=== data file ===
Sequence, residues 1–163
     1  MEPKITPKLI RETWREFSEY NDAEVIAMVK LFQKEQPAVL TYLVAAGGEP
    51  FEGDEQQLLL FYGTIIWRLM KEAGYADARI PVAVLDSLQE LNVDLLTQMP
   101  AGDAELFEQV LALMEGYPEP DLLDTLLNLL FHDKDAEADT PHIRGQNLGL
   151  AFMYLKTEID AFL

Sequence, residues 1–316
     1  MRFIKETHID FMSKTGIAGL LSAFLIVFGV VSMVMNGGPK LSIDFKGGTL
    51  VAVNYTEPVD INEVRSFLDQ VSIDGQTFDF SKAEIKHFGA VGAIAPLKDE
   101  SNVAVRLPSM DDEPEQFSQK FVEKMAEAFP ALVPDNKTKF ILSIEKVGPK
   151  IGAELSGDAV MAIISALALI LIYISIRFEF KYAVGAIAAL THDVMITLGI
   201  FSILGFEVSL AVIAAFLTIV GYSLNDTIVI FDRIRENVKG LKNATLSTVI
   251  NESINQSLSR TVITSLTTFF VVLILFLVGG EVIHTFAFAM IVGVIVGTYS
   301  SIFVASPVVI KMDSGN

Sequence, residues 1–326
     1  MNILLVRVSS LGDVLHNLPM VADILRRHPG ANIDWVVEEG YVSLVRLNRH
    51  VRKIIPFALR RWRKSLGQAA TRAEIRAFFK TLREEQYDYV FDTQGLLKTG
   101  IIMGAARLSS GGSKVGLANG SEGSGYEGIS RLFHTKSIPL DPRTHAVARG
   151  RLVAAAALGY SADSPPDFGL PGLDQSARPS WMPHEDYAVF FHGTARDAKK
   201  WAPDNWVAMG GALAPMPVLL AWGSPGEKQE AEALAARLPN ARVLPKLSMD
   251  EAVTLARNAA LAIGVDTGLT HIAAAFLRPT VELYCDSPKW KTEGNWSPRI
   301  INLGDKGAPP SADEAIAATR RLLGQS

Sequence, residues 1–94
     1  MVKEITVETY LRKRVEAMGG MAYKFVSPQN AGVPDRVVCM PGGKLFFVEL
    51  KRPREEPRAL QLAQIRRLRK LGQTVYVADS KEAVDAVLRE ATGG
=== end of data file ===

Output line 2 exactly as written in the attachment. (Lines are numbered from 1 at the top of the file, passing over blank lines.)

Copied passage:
     1  MEPKITPKLI RETWREFSEY NDAEVIAMVK LFQKEQPAVL TYLVAAGGEP